This is how God works with us throughout our lives. God refines us until he can see his own image in us. The impurities blur the image of God in our lives. They also make the metal weaker. So, as the fire burns away what is corrupt, all that is left behind is strong & pure.
Perhaps this is why so many people really want nothing to do with God, and why it’s much easier to make Christmas just a sentimental holiday about shopping and family.
When God refines us, he removes the things that keep us from being all we’re meant to be… the things that keep us from being fully human. In the fire of God’s presence the impurities float to the surface of our lives, and in a painful moment of grace, God scrapes them off, refining us, leaving us stronger and purer, but it’s anything but easy, and is often quite painful.
And the refining is completed when God looks at the human soul & sees his own reflection… that’s the 1st metaphor Malachi uses.
The second metaphor is that: His coming is like Fuller’s soap.
The refiner’s fire is untouchable… it would burn you up. In the ancient world refining metal is a masculine image. But the fuller’s soap is up close & personal, touches your skin & your babies’ clothing. In the ancient world this was a feminine image, but a powerful one.
Fuller’s soap had two main uses, both in the creation of clothing & household items from sheep’s wool. If you take a bunch of raw wool, fresh off the sheep’s back & saturate it with fuller’s soap—harsh lye based soap—and rub or pound it together, eventually the wool fibers would cling together, like free-floating Velcro & you can beat it flat, into what we’d call “felt.”
They would use this for cheap rugs or donkey cloths. But it wasn’t very strong & wasn’t very valuable.
So often they could take that felt & pull the fibers slowly and spin it into a kind of yarn or thread, & weave fabric from it. This fabric would be the 2nd use of fuller’s soap. Once the fabric was woven together, they would saturate it with fuller’s soap again. They’d scrub, wash, and rinse it. While it was wet they’d stretch it tight in the sun to bleach it. When it dried, they’d repeat the process again and again. They’d saturate it with fuller’s soap, scrub it, rinse it, stretch, and bleach it.
Each time through this process, the fabric would change. Course fibers would break down and it would get softer. Impurities were removed and it would become whiter. The fabric became much stronger, because it would shrink into a much tighter weave. And, it became more beautiful.
The more times they did this process of washing with fuller’s soap—which took a lot of time, and a ton of work—it would make the fabric softer, whiter, stronger & more beautiful. Which meant that it was extremely valuable.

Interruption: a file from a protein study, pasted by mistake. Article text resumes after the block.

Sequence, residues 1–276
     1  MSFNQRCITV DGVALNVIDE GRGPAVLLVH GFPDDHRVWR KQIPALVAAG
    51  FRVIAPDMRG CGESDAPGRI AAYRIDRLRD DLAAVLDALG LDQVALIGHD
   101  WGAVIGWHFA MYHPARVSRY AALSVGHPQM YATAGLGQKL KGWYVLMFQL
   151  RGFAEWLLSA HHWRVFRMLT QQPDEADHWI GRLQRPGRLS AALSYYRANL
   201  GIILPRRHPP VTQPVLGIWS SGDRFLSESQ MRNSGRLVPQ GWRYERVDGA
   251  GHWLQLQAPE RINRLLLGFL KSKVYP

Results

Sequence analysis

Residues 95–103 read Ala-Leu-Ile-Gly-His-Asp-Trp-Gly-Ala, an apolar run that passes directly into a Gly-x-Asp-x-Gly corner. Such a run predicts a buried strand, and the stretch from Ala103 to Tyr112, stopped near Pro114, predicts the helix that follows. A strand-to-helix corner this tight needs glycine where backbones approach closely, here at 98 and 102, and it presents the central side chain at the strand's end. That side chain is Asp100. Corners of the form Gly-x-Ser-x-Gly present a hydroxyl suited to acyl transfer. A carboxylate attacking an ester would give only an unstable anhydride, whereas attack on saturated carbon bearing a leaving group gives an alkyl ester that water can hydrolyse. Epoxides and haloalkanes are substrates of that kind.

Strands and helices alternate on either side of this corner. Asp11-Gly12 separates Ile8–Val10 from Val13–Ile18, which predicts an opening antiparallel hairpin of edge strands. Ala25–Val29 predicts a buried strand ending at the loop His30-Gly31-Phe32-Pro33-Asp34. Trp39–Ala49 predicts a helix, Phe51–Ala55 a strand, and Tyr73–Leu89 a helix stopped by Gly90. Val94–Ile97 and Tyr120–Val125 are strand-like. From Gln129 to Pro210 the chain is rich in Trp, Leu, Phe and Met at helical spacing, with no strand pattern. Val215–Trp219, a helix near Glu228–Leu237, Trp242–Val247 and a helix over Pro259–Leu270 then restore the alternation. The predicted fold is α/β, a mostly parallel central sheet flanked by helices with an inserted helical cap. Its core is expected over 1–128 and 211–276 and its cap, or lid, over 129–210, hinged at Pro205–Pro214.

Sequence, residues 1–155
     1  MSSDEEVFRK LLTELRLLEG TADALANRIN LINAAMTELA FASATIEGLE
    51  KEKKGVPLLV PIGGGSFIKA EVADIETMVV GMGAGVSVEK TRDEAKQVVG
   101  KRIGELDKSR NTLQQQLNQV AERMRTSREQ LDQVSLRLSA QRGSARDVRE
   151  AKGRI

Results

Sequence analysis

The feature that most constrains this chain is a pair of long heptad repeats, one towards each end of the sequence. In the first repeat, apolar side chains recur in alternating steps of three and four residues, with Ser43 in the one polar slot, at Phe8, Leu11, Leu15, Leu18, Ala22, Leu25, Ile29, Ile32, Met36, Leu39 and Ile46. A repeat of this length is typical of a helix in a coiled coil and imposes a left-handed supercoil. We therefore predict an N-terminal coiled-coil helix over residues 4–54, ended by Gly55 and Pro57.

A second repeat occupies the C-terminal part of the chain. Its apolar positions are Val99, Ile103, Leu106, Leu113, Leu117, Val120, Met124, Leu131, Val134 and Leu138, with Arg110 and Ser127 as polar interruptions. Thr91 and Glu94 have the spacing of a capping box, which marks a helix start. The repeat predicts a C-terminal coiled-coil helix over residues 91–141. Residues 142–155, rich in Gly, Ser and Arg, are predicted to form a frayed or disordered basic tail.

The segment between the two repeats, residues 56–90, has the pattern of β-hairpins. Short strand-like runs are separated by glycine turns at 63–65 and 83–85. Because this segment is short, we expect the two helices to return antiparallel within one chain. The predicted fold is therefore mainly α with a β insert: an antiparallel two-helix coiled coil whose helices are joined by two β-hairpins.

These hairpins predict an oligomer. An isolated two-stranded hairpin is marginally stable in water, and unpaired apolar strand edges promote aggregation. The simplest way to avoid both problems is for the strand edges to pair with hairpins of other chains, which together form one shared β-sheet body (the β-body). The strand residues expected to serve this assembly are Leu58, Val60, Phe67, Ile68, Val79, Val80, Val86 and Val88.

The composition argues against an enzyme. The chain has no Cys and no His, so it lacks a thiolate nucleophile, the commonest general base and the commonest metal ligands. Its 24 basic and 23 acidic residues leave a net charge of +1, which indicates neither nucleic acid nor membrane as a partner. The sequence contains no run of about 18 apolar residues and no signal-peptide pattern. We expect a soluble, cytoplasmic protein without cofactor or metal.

It’s a rich image. The wool right off the sheep’s back is smelly, dirty, and not very valuable. But with fuller’s soap and a lot of time and effort, the wool can be transformed into something of great value…something beautiful. This image is about making the most out of the raw materials of our lives.
These are the 2 images Malachi uses. The Refiner’s Fire that makes us pure, and strong, and all we are meant to be. Fuller’s Soap that brings out the beauty in us… beauty that is now only in rough form. This is what happens when the Lord draws near.
Advent is the season when we prepare for the Lord to draw near. So, part of our task for the next 20 days is to try and put ourselves in a place where God can access us & do this work on our souls—a work of refining, a work like that of Fuller’s soap. This will take some courage, because both these images involve a bit of pain… a little heat & scrubbing.
I actually think this passage pushes us to place God always pushes us, which is to decide: Are we Christians…or are we just messing around? Do we want a sentimental baby Jesus who comes like a cherub, the little lord Jesus no crying he makes? Or are we going to let God come to us on his own terms, because if we let God come to us on his own terms, he will refine us until everything that’s killing us & keeping us from flourishing is burned away, and he can see his image in us. He will use the fuller’s soap, scrubbing the fibers of our life until we are pure and white and beautiful, and extremely, extremely valuable.
And the question Malachi asks, is the question we have to ask ourselves: Who can endure his coming? Who can stand when he appears?
Advent is a season of intentional refining. Some of us need to do some business with God before we’ll be able to approach Christmas Eve without a bunch of baggage on our backs. If you come into that night with a stockpile of issues on your back, it won’t work.
Advent involves a movement of intentional refining, and I want to suggest just three ways this can happen for us.